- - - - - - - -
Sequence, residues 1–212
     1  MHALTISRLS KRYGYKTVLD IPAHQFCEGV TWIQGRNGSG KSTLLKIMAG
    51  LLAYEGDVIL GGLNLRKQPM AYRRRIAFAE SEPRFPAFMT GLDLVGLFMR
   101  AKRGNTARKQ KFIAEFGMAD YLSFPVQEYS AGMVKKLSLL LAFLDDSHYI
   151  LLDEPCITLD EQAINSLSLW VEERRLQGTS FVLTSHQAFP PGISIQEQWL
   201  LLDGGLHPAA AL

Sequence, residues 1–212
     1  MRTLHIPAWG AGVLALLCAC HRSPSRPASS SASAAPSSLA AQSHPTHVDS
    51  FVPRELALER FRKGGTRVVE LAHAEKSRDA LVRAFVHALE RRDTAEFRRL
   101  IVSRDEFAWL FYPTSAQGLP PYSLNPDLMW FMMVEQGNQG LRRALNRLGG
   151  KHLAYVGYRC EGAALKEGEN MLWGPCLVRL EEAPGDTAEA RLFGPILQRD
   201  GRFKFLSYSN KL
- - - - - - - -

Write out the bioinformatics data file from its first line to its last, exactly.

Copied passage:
Sequence, residues 1–212
     1  MHALTISRLS KRYGYKTVLD IPAHQFCEGV TWIQGRNGSG KSTLLKIMAG
    51  LLAYEGDVIL GGLNLRKQPM AYRRRIAFAE SEPRFPAFMT GLDLVGLFMR
   101  AKRGNTARKQ KFIAEFGMAD YLSFPVQEYS AGMVKKLSLL LAFLDDSHYI
   151  LLDEPCITLD EQAINSLSLW VEERRLQGTS FVLTSHQAFP PGISIQEQWL
   201  LLDGGLHPAA AL

Sequence, residues 1–212
     1  MRTLHIPAWG AGVLALLCAC HRSPSRPASS SASAAPSSLA AQSHPTHVDS
    51  FVPRELALER FRKGGTRVVE LAHAEKSRDA LVRAFVHALE RRDTAEFRRL
   101  IVSRDEFAWL FYPTSAQGLP PYSLNPDLMW FMMVEQGNQG LRRALNRLGG
   151  KHLAYVGYRC EGAALKEGEN MLWGPCLVRL EEAPGDTAEA RLFGPILQRD
   201  GRFKFLSYSN KL